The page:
Portland Friends of the Dhamma is a Buddhist center affiliated with Abhayagiri Monastery and the lineage of Ajahn Chah and Ajahn Sumedho. This community is completely supported by the goodwill and generosity of its participants. Everyone is welcome, regardless of experience or financial means. More about PFoD →
Closing down the Old – Opening to the New
On May 31st PFOD Makes a Move and Hopes you Follow
Ajahn Sucitto just before offering a Blessing Chant
at Dharma Rain – It’s all juiced up for us now ;)
As Portland Friends of the Dhamma continues to investigate options (rent, lease, purchase) of a permanent home for our community, we begin by renting space from Dharma Zen Rain Center as of May 31st.
Final Days at the Sellwood Methodist Church:
- Friday Night Dhamma Closing Vigil – May 24th, 7:00 – 9:00 pm
- Sunday Eightfold Path Class – May 26th, 9:30 – 11:00 am
- Tuesday Book Study – May 28th, 7:00 – 9:00 pm
First Evening at Dharma Rain Zen Center:
- Friday Night Dhamma, May 31st Opening Vigil – 7:00 – 9:00 pm
“Cultivating the Path”
First Saturday of the Month
9:00 AM – 5:00 PM
To shape our lives around the practice of the Buddha’s teachings, rather than shaping the practice of the Buddha’s teachings around our lives.
Monthly daylongs of teachings, practice, and exploration, jointly led by Sakula Mary Reinard and Matthew Grad. Daylongs are held on the first Saturday of each month, starting April 6, 2013.
- Fostering the practice of sīla, samādhi and paññā with ever increasing clarity, depth and continuity.
- Sīla: The precepts and acts of generosity, goodwill and compassion.
- Samādhi: Stability of mind through formal practice.
- Paññā: Insight into the Four Noble Truths and Three Characteristics (impermanence, suffering, not-self).
- Nurturing our practice together as community, keeping harmony utmost.
- Cultivating a respectful and supportive attitude toward our lineage.
- Committing to the Three Refuges.
- Living by the Five Precepts.
- Undertaking the Eight Precepts on Full Moon Days.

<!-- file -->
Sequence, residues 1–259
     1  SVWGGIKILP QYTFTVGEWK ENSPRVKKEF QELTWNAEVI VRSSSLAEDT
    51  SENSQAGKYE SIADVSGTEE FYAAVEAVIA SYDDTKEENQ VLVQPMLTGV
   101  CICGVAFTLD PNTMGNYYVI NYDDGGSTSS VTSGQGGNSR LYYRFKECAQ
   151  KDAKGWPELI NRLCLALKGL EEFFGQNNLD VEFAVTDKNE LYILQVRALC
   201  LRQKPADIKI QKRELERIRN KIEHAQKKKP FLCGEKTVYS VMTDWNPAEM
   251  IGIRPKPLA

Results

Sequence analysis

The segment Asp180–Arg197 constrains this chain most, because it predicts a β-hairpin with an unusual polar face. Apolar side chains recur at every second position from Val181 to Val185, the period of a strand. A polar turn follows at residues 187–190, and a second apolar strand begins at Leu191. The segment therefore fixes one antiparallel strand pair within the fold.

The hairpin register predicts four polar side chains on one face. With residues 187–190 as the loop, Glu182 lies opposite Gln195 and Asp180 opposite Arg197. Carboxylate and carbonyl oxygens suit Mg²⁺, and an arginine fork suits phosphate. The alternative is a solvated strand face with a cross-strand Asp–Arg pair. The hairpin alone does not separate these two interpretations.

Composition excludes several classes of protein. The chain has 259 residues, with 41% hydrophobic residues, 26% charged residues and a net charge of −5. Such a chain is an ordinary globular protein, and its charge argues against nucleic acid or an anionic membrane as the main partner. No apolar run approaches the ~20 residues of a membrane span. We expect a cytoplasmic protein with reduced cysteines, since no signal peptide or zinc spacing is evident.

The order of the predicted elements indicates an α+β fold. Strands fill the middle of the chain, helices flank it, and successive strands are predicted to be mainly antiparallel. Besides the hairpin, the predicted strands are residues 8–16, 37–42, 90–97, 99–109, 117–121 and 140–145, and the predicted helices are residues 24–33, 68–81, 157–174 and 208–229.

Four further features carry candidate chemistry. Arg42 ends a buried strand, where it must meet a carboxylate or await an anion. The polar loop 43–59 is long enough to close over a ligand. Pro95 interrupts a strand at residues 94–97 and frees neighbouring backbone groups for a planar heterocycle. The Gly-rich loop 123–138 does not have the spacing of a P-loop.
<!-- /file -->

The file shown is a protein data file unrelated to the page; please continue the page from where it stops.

- Making every effort to attend the Magga-Bhāvanā daylongs.
- Maintaining a daily meditation practice and attending at least one meditation retreat annually.
- Live by the Five Precepts.
- Mark the Full Moon Days in some fashion (e.g., by placing flowers on your alter).
- Regularly attend a PFoD offering led by one of this program’s teachers: Matthew’s Walking the Eightfold Path and/or Sakula’s Friday Night Dhamma.
If you are interested in possibly joining, or would just like to learn more, please contact Matthew Grad.
Sakula is the Spiritual Director of Portland Friends of the Dhamma and a student of the Western Forest Sangha—the lineage of Ajahn Sumedho and Ajahn Chah. Soon after meeting Luang Por Pasanno and Ajahn Amaro in 1997, she made a formal request to Luang Por Pasanno who accepted her as his lay student, eventually giving her the Pali name Sakula meaning One of Good Family. In 2001, Sakula was invited by them to join eleven others and train as a lay minister, graduating in 2004. She co-founded Portland Friends of the Dhamma in 2000 and leads a meditation group every Friday.
Matthew Grad leads the bi-monthly class Walking the Eightfold Path and co-leads the monthly Magga-Bhāvanā Program. He has practiced in the Theravada lineage for over 25 years. Before joining our community, Matthew taught an ongoing course in sutta study for Spirit Rock Meditation Center. When teaching from the suttas (discourses of the Buddha) he emphasizes their direct application in daily life. His practice is rooted in Ajahn Sumedho’s teachings on intuitive awareness, and the teachings of Ajahn Chah and Ajahn Thanissaro on training the mind and heart.
Starting Friday, June 28 (Portland & White Salmon)
Ajahn Pasanno will visit Portland and White Salmon in late June and early July. Check back for details as the date gets closer.
Ajahn Pasanno took ordination in Thailand in 1974 with Venerable Phra Khru Ñāṇasirivatana as preceptor. During his first year as a monk he was taken by his teacher to meet Ajahn Chah, with whom he asked to be allowed to stay and train. One of the early residents of Wat Pah Nanachat, Ajahn Pasanno became its abbot in his ninth year. During his incumbency, Wat Pah Nanachat developed considerably, both in physical size and reputation. Spending 24 years living in Thailand, Ajahn Pasanno became a well-known and highly respected monk and Dhamma teacher. He moved to California on New Year’s Eve of 1997 to share the abbotship of Abhayagiri with Ajahn Amaro. In 2010 Ajahn Amaro accepted an invitation to serve as abbot of Amaravati Buddhist Monastery in England. Ajahn Pasanno is now the sole abbot of Abhayagiri. [From the Abhayagiri website]
Some Past Visiting Teachers